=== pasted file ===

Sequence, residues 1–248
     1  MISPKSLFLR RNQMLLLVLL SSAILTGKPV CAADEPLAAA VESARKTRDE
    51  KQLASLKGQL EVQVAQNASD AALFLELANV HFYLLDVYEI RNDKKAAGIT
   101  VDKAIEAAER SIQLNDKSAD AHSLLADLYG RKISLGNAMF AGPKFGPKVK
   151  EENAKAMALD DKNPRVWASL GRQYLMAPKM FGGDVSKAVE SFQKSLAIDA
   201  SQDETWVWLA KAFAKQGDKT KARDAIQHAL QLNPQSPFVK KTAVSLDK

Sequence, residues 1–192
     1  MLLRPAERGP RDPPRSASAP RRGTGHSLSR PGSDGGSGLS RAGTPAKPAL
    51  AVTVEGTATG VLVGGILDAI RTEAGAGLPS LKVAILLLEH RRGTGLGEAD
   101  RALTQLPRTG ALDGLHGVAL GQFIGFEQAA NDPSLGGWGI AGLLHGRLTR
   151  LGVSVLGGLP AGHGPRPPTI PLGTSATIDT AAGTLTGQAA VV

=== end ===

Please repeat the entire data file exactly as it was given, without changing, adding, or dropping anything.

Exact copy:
Sequence, residues 1–248
     1  MISPKSLFLR RNQMLLLVLL SSAILTGKPV CAADEPLAAA VESARKTRDE
    51  KQLASLKGQL EVQVAQNASD AALFLELANV HFYLLDVYEI RNDKKAAGIT
   101  VDKAIEAAER SIQLNDKSAD AHSLLADLYG RKISLGNAMF AGPKFGPKVK
   151  EENAKAMALD DKNPRVWASL GRQYLMAPKM FGGDVSKAVE SFQKSLAIDA
   201  SQDETWVWLA KAFAKQGDKT KARDAIQHAL QLNPQSPFVK KTAVSLDK

Sequence, residues 1–192
     1  MLLRPAERGP RDPPRSASAP RRGTGHSLSR PGSDGGSGLS RAGTPAKPAL
    51  AVTVEGTATG VLVGGILDAI RTEAGAGLPS LKVAILLLEH RRGTGLGEAD
   101  RALTQLPRTG ALDGLHGVAL GQFIGFEQAA NDPSLGGWGI AGLLHGRLTR
   151  LGVSVLGGLP AGHGPRPPTI PLGTSATIDT AAGTLTGQAA VV